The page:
14 Aug 2022

‘There’s been highs and lows but they’re memories I’ll never forget’ - Donegal Town FC

Donie McIntyre celebrates 50 years of Donegal Town in the Football League. He spoke to Conor Breslin

‘There’s been highs and lows but they’re memories I’ll never forget’ - Donegal Town FC

Donegal Town FC 1971/72

“There was an army of staunch GAA men that met us outside. They told us that, ‘the soccer club wouldn’t last six weeks in this town’. I think we passed our sell-by date because fifty years later we’re still here, stronger than ever.”

That is the one quote that sticks out in the mind of Donie McIntyre when Donegal Town FC was officially established in the old cinema rooms one February evening in 1970.

When the Donegal League was launched the following year in November 1971, the club was one of the official founding members, and for the next 50 years, Donegal Town FC would forever be present in the annals of Donegal sport with many ups and downs along the way as founding member McIntyre recalls.

“Even before the club was founded, there were always several smaller teams in the town, such as the Donegal Dynamos, Killymard United, Ballydevitt Rangers, and Magee’s Factory soccer team. So, it only seemed right by 1970 to get some organization together and form one club.

The Donegal Town team who took on Finn Harps in the FAI Youth Cup in 1981

“The reason soccer was met with such hostility was because the GAA had a rule that you couldn’t play any other sport that was regarded as a ‘foreign game’ and still play GAA. People used to say to me, ‘you’re not a real Irish man if you play soccer’. So, the GAA tried to strangle the club in the town, but thankfully that soon became an outdated rule because soccer was growing around Ireland particularly after the 1966 World Cup in England.

“We were predominantly working-class people in the town who had nothing but a love for the sport. In the early days of the club, we didn’t even have a bus to go to the games, so we used to travel in Gerry Crawford’s milk van, sitting on the empty milk crates. In fact, the first kits we ever had were Queens Park Rangers jerseys.”

McIntyre remembers the hardship the club endured in its early years. The hospital field was eventually bought in the early 70s from the health board for £15,000.

“We were under severe financial pressure. We couldn’t get £15 together, never mind £15,000. So, we were sponsored by an individual within Glasgow Celtic and for a short time the pitch was renamed ‘Paradise Park’. But as time wore on, thankfully we built together a financially successful club.”

Through years of hardship, the tide had swiftly turned by the 1980s. Marked by, as McIntyre credit them as, a Golden Generation of Players, Donegal Town went from end-to-end success as they captured three Premier League titles, two IAWS cups, and the first ever Lane cup, before moving into the Ulster Senior League.

“The talent we had was unbelievable and I was honoured to work with them boys. You always knew to watch them as kids that they were going to be good. They’d be playing in the streets as young children, and they’d break each other’s legs playing football, so you had to be tough to play on that team.

“That also mixed with the serious amount of skilful and intelligent players we had. The likes of Patsy McGlanaghy, Patsy Barr, Michael Breslin, Paul ‘feet’ Murrin, Decky McIntyre, Seamus Harvey, and of course not forgetting Marty Kelly. In fact, I really feel we could’ve won more, but we were just that bit too small.”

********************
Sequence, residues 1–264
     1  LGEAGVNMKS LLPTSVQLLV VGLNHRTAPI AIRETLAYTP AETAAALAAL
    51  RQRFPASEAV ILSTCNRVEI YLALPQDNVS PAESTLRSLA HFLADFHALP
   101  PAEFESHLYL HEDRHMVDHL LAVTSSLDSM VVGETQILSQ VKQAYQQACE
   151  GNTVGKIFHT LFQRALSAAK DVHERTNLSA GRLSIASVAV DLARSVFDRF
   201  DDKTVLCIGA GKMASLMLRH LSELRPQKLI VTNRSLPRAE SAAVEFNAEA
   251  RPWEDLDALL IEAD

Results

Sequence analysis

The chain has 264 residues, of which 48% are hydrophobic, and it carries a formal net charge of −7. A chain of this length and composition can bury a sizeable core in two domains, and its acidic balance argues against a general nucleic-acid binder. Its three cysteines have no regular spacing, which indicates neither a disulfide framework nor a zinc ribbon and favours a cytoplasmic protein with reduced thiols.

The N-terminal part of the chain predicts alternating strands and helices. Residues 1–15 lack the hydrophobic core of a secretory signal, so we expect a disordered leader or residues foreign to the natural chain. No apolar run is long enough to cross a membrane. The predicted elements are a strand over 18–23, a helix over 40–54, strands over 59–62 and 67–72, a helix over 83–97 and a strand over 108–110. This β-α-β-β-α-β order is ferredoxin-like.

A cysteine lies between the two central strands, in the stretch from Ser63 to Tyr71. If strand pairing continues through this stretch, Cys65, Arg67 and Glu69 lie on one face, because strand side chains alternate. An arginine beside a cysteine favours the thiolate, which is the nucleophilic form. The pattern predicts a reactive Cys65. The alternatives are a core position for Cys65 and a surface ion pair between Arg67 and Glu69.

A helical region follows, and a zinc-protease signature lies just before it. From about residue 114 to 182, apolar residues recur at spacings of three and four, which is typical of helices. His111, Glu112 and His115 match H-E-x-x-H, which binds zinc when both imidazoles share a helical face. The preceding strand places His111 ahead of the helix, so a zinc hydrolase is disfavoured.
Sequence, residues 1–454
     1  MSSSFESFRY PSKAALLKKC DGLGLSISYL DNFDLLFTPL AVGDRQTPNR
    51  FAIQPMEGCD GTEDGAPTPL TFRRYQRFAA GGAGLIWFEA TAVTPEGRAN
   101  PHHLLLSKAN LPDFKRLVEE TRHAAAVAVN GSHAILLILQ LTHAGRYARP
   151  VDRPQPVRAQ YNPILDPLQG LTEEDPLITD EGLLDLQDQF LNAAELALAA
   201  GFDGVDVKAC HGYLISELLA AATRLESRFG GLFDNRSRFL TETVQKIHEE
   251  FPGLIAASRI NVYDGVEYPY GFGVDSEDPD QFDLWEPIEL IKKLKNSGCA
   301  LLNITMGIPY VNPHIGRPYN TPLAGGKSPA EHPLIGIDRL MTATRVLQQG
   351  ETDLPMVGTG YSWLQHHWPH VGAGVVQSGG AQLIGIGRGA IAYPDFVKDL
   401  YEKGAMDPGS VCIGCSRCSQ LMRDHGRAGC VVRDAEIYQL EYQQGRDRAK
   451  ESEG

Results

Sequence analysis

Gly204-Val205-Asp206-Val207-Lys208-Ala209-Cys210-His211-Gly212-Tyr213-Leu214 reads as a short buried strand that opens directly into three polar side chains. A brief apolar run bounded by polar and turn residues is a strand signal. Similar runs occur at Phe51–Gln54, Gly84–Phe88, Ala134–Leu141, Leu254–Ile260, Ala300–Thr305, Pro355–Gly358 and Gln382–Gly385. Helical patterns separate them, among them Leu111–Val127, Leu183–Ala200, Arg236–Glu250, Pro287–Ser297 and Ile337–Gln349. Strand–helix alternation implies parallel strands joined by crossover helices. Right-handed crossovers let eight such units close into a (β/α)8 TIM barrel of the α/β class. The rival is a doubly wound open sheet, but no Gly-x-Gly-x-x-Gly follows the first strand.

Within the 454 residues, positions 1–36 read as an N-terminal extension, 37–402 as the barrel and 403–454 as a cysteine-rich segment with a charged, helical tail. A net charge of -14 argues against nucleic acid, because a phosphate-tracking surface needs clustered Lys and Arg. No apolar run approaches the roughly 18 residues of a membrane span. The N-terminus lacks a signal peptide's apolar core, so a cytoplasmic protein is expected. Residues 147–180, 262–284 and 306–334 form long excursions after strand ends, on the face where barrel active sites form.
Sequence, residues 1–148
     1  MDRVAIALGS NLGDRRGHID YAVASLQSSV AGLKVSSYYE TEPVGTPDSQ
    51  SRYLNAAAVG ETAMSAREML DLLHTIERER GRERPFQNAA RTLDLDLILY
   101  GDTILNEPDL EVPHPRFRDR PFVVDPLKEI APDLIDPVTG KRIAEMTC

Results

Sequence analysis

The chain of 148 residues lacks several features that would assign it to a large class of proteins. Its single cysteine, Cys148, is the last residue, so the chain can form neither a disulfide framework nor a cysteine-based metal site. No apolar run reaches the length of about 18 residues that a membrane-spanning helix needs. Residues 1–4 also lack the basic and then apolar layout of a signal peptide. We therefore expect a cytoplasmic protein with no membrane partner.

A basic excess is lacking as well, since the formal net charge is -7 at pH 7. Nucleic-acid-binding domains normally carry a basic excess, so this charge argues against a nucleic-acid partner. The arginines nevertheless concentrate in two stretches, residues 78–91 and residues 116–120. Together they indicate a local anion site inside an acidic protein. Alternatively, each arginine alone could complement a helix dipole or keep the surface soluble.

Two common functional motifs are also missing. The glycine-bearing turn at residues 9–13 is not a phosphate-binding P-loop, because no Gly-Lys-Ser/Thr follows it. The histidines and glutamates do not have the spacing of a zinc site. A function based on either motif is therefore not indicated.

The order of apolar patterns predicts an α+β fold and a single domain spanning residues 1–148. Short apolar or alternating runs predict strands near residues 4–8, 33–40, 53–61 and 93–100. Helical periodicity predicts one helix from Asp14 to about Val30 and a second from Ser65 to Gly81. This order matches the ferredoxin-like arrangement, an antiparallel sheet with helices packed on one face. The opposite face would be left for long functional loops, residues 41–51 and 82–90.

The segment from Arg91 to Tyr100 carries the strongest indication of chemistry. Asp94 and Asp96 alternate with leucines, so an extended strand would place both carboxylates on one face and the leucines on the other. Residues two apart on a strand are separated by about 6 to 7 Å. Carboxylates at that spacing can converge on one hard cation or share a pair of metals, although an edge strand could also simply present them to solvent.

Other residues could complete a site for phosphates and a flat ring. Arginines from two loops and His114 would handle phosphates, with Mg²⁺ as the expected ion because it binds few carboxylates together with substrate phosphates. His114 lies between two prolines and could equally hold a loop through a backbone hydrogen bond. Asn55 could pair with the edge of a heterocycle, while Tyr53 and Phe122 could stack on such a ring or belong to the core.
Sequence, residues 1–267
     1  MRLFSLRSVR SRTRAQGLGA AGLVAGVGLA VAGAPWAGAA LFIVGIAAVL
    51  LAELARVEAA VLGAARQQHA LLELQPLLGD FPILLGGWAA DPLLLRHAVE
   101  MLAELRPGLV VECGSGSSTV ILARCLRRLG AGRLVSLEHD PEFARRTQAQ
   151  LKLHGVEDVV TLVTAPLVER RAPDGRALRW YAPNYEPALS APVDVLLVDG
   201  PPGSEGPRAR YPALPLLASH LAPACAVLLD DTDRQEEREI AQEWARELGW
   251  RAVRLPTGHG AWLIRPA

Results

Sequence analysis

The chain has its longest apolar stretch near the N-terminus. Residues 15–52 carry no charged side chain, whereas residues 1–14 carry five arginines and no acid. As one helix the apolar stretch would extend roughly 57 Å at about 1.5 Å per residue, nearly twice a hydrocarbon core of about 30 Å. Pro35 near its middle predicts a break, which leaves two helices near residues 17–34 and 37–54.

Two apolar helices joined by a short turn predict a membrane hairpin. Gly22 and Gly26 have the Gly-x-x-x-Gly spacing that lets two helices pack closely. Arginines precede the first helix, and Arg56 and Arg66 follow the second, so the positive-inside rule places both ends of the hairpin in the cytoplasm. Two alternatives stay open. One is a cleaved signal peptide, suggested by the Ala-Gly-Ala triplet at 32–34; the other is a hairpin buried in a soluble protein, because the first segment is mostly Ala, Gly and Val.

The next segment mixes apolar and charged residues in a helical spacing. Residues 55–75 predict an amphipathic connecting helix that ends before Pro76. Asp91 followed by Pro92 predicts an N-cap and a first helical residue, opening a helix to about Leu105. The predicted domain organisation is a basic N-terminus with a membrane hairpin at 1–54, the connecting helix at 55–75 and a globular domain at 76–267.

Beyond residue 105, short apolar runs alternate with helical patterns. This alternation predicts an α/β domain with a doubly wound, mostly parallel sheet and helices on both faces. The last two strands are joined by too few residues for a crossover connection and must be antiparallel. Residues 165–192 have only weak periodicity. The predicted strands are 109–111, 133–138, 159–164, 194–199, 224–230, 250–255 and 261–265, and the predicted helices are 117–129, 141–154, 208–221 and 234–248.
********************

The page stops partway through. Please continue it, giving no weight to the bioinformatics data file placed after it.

McIntyre continues in calling Marty Kelly one of the greatest players the county has ever produced, which has most recently been echoed on social media by none other than Packie Bonner.

“I really feel that Marty broke the mould for soccer in county Donegal because before him you would rarely see someone from our part of the world representing Ireland, but Marty did on nine occasions. He played European football for Sligo Rovers, and also went to Celtic, Notts Forest and Swansea.

“I went to a game once where Marty played against John Anderson of Newcastle United, and if you knew nothing about soccer and I told you to point at the professional on the field, there’d be no question that everyone would point at Marty Kelly. He was miles above the rest.”

McIntyre, who is no longer involved in the club, credits the volunteers who have given rise to underage soccer in the club over the last three decades.

“A big help for us in the ‘90s was we had a number of players playing for the club who were also on the 1992 All-Ireland winning team (Joyce McMullin, Matt Gallagher, Paul Carr, Anthony Molloy and Declan Bonner), and that would have enticed a lot of young fellows to follow the club or play.

The Donegal Town FC side of 1984

“We entered two underage teams from the same age group one year, and one team had 13 subs while the other team had 15 subs. It was fantastic to see, that a club which experienced serious hardship in its early days, now had amazing support.”
McIntyre also credits current team manager Paul McHugh and the Byrne brothers (Marty, Benny and JP) for the growth and introduction of young players into the two adult teams in recent years.

“The best thing I can see is that the tradition of the club lives on,” said McIntyre. “Players who I played with or coached now have sons or nephews representing the club, and they’re talented players too. I have good friends in North Donegal, but they’ve been winning titles for long enough, so I really hope this crop of players, both Saturday and Sunday teams can bring some silverware back to the town soon.

“There’s been highs and lows but they’re memories I’ll never forget. Here’s to another 50 years.”

Current Donegal Town manager Paul McHugh's team are in the running for the Donegal League Premier Division this season

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